Pop culture obsessives writing for the pop culture obsessed.
Pop culture obsessives writing for the pop culture obsessed.

Here's the insane amount of effort that went into making Sharp Objects’ "six-figure" dollhouse

Illustration for article titled Here's the insane amount of effort that went into making Sharp Objects’ "six-figure" dollhouse
Screenshot: Sharp Objects (HBO)

[Note: This story contains plot details of Sharp Objects.]

Sharp Objects delivered a doozy of a finale last night—and a helluva post-credits sequence for those that stuck around—but, while the revelation of just who was the Wind Gap killer continues to sting, it’s the intricacy of the show’s storytelling, music, and set design that will likely cement its place on no shortage of year-end lists. Take that elegant, painstakingly detailed dollhouse, for example—an eerie presence throughout the season, it served an essential role in the show’s final twist, revealing that the answer was right before Camille’s eyes the entire time. It also, according to this piece from Vulture, cost around six figures to make.


Multiple bodies were hired specifically to recreate the Crellins’ Southern gothic home piece by piece, as literally everything in it was made from scratch. Much of that responsibility fell on the shoulders of production designer John Paino, who sounds like the most patient man on Earth.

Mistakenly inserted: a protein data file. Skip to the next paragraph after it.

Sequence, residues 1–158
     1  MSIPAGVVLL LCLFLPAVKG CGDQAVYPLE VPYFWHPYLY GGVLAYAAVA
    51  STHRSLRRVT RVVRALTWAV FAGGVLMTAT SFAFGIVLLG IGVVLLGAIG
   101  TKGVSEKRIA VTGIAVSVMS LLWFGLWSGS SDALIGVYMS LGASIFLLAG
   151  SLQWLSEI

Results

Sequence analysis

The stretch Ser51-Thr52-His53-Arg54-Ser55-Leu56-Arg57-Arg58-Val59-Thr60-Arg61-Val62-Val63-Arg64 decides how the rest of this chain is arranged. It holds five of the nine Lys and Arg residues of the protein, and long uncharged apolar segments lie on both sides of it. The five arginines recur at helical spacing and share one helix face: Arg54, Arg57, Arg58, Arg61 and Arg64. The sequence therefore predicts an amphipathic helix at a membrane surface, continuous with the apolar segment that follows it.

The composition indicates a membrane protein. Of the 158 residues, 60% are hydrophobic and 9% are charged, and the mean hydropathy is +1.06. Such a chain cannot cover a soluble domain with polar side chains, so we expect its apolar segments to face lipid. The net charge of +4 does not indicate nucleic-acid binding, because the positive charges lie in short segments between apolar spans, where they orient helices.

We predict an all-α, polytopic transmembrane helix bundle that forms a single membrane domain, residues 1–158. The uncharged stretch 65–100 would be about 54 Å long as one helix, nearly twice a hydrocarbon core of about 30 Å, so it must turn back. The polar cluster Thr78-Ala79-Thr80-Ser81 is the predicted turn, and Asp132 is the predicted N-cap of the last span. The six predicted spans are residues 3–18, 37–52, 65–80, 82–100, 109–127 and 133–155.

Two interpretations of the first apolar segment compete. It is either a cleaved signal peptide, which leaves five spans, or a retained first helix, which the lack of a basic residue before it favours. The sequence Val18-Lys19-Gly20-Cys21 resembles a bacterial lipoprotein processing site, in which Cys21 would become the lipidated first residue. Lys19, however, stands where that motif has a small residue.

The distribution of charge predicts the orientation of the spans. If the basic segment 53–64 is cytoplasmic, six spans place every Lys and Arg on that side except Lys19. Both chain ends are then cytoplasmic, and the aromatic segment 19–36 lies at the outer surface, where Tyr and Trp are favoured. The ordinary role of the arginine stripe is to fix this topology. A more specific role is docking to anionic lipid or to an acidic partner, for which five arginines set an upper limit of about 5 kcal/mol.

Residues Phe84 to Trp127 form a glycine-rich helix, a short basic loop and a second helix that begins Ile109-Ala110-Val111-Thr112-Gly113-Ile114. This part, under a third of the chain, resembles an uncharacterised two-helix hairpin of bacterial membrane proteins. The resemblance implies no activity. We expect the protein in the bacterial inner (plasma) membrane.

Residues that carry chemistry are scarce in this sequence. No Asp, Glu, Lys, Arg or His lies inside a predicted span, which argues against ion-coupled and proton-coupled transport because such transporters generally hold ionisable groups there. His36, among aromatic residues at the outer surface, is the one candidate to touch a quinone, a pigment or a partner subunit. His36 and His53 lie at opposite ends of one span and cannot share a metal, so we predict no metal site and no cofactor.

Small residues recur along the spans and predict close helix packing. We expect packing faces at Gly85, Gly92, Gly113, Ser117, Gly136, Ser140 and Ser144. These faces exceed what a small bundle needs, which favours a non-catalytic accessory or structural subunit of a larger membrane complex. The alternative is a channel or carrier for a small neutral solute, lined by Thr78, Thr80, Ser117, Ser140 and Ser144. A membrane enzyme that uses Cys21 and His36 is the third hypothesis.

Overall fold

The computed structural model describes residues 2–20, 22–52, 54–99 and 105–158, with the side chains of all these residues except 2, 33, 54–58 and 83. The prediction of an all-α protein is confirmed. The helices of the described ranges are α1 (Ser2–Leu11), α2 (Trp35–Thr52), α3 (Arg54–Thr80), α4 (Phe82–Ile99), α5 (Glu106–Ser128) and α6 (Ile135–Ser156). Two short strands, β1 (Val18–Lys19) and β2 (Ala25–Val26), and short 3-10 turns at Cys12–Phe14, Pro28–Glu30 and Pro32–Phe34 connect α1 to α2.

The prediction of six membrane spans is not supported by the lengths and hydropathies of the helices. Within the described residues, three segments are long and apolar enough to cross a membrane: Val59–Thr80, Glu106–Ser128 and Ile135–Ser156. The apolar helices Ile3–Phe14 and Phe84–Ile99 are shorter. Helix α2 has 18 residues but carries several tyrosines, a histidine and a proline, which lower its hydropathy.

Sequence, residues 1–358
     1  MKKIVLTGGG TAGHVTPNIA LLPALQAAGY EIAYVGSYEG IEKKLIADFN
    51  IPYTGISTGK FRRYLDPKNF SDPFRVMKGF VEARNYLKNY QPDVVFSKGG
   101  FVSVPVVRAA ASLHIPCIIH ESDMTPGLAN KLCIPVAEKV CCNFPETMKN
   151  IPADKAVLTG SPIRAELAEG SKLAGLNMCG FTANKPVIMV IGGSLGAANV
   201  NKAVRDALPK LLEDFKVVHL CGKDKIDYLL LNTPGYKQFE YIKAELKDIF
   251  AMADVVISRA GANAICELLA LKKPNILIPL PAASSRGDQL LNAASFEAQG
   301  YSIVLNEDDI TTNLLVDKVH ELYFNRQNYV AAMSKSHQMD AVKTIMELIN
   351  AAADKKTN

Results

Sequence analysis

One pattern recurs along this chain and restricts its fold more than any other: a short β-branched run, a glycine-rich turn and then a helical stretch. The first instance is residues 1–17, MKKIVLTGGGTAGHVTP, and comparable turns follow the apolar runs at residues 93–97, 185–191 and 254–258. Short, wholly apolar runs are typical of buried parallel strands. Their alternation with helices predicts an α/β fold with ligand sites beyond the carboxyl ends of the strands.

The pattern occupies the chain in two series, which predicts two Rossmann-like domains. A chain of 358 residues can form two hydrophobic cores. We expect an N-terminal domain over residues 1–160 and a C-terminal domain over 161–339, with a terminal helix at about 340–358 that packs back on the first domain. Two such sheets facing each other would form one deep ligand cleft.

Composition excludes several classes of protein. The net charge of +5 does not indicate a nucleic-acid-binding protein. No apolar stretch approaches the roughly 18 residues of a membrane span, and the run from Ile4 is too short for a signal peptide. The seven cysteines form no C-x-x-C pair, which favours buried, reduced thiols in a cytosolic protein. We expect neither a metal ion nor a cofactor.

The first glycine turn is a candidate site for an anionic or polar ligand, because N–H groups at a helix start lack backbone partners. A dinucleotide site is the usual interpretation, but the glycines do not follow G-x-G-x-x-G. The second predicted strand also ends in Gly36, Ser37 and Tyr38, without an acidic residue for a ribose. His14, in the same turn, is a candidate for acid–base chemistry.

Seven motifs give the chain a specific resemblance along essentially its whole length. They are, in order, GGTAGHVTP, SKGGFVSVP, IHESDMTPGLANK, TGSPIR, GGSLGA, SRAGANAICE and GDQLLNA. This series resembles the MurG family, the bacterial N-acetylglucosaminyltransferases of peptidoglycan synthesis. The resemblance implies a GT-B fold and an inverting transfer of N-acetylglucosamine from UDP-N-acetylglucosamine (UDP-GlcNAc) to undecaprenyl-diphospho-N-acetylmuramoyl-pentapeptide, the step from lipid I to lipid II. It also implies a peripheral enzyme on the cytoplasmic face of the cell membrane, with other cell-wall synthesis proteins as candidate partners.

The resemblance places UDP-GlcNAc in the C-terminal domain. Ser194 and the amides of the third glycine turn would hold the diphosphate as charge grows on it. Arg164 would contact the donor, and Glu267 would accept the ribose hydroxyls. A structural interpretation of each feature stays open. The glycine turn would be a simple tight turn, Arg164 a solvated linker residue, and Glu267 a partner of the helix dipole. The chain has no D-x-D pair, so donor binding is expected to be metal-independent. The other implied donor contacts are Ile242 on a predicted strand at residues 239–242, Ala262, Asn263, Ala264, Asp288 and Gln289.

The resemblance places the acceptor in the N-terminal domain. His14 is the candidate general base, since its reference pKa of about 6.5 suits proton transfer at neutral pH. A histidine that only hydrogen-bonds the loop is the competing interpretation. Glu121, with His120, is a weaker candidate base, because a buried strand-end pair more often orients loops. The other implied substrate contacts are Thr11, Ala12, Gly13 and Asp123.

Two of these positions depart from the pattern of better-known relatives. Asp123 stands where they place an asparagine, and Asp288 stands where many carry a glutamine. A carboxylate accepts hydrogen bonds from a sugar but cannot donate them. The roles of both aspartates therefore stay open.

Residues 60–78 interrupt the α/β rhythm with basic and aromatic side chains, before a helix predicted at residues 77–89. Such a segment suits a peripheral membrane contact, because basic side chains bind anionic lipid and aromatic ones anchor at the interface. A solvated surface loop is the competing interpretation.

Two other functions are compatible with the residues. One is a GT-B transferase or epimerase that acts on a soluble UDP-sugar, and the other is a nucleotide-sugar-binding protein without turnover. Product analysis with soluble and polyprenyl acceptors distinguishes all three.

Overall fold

“The shell of the house was contracted out to a model shop, while all fabrics were hand-sewn, and a few painters were hired to match the same colors inside Adora’s mansion. Three or four prop makers built all of the furniture, cutting every stick of wood by hand,” reads the piece.

Paino adds, “The shingles on the roof, we got those measured. They have to be made by hand. You can’t get those at the dollhouse store. There were maybe 1,000 shingles that have to be made, weathered, and painted. It was very time-consuming.”

And those teeth? “Plastic baby teeth,” which are apparently a thing that exists. “We shaved them down on the backs and a little bit on the top, so it would seem like she had made an attempt to make them resemble the tusk process, because the floor looks like if there’s walrus tusks or whale tusks or elephant tusks,” Paino said of the prop teeth. “She made this fabulous dollhouse, so she would have probably gone to great lengths to sand them down and make them almost unnoticeable.” Shudder.

If you’re skin’s not crawling quite enough, HBO dropped a video detailing a bit more about the dollhouse’s thematic resonance in the series. Check it out below.

Randall Colburn is The A.V. Club's Internet Culture Editor. He lives in Chicago, occasionally writes plays, and was a talking head in Best Worst Movie, the documentary about Troll 2.